const { registerBlockType } = blocks; 
	// const registerBlockType = blocks.registerBlockType; // the same
 
	registerBlockType( .... ); // it is described in the next chapter
 
} )(
	window.wp.blocks, // wp.blocks becomes just "block" variable
	window.wp.element,
);

In the above code I can also write:

	const { createElement } = element;
	const { registerBlockType } = blocks;

But while working with blocks usually we have to use createElement() too often and it will be much more easier if this method will be named el().

registerBlockType()

It is where all the magic happens when you create Gutenberg blocks.

registerBlockType( 'misha/newsletter', {
	title: 'Newsletter',
	icon: iconEmail,
	category: 'common',
	keywords: [ 'email', 'subscribe', 'misha' ],
	edit: function( props ) {
 
	}
	save: function( props ){
 
	}
});

misha/newsletter (line 7) – is the block ID, you can use something/something

iconEmail (line 9) is the constant / variable which contains a SVG icon, there is a separate tutorial about icons in Gutenberg, highly recommended to read.

category (line 10) – in which category your block should be:

Block categories in Gutenberg
So you can use one of the following – common, formatting, layout, widgets, embed.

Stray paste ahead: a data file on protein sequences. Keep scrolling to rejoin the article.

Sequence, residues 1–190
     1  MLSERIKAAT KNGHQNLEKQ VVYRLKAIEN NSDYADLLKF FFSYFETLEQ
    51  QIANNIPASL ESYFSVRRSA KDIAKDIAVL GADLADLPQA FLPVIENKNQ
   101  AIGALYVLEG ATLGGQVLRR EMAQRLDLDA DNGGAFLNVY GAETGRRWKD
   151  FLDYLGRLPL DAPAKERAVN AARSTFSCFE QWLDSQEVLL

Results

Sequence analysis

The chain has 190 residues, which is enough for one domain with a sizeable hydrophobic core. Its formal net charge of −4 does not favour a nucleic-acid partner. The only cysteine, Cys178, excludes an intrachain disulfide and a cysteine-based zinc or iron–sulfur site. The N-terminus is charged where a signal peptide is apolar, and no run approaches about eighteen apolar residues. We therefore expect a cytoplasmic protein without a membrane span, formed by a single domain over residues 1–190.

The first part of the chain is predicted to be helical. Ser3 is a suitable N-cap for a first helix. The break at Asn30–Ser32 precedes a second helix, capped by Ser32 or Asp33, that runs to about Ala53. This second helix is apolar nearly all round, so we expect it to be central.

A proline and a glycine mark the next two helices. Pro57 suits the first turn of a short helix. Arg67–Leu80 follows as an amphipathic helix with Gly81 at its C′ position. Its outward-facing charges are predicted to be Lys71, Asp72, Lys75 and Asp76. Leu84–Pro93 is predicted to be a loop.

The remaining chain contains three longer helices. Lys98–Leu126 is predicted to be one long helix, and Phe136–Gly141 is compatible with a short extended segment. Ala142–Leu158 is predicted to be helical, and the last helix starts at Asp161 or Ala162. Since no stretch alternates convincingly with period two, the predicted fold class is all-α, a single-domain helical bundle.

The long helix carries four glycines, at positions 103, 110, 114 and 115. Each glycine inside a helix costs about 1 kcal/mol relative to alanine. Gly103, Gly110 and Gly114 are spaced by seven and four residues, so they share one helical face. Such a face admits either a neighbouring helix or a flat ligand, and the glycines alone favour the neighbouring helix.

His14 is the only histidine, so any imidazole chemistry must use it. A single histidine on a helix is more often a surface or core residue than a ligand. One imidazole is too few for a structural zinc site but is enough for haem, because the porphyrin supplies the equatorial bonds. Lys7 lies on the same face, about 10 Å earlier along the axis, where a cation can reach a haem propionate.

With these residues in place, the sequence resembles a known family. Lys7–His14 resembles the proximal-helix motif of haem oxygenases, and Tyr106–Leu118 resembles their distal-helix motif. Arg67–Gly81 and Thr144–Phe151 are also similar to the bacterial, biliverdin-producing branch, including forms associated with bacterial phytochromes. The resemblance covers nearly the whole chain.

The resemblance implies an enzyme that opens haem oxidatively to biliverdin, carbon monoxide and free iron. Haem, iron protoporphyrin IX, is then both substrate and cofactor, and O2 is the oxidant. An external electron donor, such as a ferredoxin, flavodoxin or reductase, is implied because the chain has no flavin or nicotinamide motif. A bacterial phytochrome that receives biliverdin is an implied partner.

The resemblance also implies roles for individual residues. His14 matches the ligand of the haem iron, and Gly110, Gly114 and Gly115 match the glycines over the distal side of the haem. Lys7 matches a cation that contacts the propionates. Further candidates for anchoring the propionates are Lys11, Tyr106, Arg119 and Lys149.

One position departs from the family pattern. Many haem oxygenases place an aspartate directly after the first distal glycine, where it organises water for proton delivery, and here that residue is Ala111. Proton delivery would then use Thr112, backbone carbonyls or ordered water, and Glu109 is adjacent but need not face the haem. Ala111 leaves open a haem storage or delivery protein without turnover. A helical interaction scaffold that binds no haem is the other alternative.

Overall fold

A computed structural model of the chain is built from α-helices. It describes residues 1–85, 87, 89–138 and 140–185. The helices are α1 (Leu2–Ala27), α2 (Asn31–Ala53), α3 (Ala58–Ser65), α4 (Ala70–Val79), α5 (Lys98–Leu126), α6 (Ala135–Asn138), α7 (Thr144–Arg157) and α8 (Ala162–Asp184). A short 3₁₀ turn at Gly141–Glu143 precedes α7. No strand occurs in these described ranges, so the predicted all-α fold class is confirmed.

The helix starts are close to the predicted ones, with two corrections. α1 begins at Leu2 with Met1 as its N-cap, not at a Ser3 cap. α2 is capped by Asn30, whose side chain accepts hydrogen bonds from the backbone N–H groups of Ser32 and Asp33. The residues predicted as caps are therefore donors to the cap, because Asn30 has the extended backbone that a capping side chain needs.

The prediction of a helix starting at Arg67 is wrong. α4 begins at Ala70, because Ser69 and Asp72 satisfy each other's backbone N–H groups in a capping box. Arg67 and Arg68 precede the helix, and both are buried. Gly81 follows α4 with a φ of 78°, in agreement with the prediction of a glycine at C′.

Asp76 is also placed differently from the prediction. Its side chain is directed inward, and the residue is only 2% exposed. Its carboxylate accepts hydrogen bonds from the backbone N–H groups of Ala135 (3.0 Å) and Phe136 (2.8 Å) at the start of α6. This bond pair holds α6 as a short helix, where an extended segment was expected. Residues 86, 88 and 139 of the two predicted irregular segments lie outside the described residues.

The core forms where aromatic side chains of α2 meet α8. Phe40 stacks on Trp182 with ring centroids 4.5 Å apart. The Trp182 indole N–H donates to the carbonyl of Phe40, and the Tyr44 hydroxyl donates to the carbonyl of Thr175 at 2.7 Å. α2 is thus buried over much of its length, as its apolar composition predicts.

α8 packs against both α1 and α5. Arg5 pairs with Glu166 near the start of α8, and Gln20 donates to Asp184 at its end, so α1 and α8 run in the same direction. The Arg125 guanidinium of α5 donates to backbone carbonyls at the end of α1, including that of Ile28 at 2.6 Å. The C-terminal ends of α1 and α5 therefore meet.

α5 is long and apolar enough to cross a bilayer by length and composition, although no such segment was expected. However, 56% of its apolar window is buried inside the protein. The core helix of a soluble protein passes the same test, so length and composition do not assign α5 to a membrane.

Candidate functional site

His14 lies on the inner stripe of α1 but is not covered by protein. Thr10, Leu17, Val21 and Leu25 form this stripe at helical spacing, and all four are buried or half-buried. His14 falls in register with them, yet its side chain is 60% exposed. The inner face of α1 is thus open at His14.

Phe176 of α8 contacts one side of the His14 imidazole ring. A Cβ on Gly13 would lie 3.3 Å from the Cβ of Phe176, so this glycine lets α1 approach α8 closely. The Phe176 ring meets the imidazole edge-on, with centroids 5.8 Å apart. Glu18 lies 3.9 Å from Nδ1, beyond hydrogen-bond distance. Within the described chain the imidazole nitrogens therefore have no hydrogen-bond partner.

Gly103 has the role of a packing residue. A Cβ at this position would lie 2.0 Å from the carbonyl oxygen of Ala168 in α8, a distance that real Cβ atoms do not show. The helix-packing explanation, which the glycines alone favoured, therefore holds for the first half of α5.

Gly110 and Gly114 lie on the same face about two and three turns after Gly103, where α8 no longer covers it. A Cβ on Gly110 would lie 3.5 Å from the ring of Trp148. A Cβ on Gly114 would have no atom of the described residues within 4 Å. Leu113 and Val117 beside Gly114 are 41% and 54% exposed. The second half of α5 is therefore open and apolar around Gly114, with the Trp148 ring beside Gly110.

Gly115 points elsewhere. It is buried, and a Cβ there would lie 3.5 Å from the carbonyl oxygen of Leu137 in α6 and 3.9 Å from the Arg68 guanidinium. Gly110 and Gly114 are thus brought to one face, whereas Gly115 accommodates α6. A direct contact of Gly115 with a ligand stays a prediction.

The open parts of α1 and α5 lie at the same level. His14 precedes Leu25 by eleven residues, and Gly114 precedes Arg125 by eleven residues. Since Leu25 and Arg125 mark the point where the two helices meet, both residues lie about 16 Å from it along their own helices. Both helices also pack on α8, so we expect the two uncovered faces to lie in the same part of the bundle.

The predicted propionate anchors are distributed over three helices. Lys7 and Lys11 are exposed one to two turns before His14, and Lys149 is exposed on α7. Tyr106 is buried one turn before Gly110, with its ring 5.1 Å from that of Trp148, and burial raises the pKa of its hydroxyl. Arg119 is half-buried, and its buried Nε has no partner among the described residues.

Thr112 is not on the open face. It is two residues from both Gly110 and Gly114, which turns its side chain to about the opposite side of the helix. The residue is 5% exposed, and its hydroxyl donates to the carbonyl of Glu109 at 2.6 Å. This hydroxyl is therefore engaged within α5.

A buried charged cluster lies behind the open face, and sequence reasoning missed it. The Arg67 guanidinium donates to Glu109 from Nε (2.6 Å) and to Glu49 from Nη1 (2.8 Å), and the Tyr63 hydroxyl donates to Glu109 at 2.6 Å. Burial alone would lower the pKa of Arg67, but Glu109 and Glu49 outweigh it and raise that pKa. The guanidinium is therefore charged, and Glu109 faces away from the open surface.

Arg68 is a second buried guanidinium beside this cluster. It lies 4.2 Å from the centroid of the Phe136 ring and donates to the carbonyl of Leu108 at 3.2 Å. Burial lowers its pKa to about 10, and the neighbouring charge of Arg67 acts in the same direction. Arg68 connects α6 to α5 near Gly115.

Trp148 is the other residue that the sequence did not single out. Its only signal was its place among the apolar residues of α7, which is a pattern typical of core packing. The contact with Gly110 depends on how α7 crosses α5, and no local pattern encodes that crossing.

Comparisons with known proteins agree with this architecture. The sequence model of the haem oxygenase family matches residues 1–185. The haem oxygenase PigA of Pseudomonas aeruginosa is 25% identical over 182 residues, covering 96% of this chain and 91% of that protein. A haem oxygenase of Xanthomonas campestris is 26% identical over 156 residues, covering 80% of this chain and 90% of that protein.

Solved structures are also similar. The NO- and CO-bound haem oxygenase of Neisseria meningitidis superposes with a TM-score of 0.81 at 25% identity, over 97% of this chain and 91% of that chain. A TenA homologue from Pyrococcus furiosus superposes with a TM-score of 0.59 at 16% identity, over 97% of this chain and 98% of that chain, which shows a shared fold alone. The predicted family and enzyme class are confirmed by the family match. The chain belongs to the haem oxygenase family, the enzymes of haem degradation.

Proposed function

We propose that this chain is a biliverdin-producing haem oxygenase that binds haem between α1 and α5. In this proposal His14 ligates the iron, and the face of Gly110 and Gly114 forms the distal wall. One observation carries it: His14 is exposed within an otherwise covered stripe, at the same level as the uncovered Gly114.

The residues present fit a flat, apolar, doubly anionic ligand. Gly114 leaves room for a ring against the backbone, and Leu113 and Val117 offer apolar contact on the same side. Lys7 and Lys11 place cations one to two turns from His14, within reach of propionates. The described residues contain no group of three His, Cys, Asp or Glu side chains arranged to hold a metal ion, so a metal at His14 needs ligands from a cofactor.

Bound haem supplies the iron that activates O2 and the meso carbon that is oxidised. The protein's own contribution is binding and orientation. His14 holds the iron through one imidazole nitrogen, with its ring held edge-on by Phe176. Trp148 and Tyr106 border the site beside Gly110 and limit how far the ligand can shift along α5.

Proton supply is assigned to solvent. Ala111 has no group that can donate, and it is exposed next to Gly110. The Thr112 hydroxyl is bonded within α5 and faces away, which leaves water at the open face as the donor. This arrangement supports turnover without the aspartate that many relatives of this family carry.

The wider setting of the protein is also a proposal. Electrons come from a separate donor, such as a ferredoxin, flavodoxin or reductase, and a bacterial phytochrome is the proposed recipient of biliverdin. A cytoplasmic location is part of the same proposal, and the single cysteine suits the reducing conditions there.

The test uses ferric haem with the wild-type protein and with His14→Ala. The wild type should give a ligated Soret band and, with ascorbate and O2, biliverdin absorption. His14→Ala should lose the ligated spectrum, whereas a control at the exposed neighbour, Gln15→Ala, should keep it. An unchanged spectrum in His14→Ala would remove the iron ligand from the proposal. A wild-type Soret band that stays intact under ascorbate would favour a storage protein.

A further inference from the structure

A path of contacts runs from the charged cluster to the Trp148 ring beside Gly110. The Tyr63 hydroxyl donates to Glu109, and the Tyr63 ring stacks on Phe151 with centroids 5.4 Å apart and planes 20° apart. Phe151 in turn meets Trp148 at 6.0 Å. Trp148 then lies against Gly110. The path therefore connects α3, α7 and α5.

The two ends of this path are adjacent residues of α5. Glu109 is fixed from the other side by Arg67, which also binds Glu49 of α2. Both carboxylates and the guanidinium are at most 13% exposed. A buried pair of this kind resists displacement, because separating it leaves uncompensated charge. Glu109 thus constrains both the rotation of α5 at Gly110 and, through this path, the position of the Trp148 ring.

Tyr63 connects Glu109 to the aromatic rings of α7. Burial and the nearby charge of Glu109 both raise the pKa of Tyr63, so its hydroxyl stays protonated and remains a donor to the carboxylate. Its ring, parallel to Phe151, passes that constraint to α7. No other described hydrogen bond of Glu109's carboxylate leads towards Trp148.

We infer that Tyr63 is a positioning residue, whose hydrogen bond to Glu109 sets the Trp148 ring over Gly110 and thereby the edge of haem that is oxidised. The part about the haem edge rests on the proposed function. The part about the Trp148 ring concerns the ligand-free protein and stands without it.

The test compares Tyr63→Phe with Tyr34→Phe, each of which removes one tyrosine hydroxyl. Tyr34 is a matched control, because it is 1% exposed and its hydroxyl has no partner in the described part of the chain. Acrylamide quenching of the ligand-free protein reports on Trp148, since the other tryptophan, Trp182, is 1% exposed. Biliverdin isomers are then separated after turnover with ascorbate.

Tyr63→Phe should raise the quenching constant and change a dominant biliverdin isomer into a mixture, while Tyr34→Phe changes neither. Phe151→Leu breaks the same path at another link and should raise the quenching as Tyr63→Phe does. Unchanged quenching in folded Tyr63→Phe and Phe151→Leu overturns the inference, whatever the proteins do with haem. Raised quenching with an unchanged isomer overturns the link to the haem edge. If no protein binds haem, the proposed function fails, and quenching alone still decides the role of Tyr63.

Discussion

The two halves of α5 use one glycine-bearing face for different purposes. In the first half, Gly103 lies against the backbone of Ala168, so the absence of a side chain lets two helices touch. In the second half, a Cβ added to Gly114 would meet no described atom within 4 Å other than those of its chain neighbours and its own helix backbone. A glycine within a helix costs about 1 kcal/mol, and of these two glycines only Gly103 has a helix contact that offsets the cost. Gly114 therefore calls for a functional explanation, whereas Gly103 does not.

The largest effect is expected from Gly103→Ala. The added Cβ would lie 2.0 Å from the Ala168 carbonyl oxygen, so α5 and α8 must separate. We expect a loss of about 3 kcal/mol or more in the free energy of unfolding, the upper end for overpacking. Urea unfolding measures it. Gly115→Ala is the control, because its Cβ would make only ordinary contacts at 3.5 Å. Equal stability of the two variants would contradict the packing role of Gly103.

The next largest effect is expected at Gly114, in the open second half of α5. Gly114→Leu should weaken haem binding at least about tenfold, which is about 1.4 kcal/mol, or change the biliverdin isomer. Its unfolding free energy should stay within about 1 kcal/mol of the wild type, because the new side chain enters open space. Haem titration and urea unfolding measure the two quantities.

keywords (line 11) – specify no more than 3 keywords in an array. When somebody performs a search for a block, the block title and keywords will be used.

edit() and save() functions are described below.

edit()

This function returns HTML code which is used to display a block in Gutenberg. And it is critical to understand.

It means that for our block we do need <form> or <button> tags, they will be in save() function below. But here we must use just static HTML elements like div or span or p. That’s all!

In the next tutorial we are going to replace some of them with Editable and RichText components, but at this moment our block is not editable, so we will leave it for now.

In order to understand the below code you have to learn some basics about creating elements in React.

edit: function( props ) {
	return (
		el( 'div', { className: props.className },
			el( 'div', { className: 'misha-block-form-wrap' },
				el( 'div', {},
					'Enter your email address'
				),
				el( 'div', {},
					'Subscribe'
				)
			)
		)
	);
},

save()

This function should return HTML how the block is going to be displayed on the website pages and saved to database. That’s why here we’re using <form>, <input> and <button> tags.

save: function( props ) {
	return (
		el( 'div', { className: props.className },
			el( 'form', { className: 'misha-block-form-wrap' },
				el( 'input', { 'type': 'email', 'placeholder' : 'Enter your email address' } ),
				el( 'button', {}, 
					'Subscribe' 
				)
			)
		)
	);
},

Finally, the result.

Please note, that if you try to make any changes in “Edit as HTML” mode, your block will become broken. It is not editable, remember? I will explain more in details why in happens in the next tutorial.

We’re done 🎉

If you would like to download the ready plugin, here it is.

Read also

Misha Rudrastyh

Misha Rudrastyh

I love WordPress, WooCommerce and Gutenberg so much. 10 yrs of experience.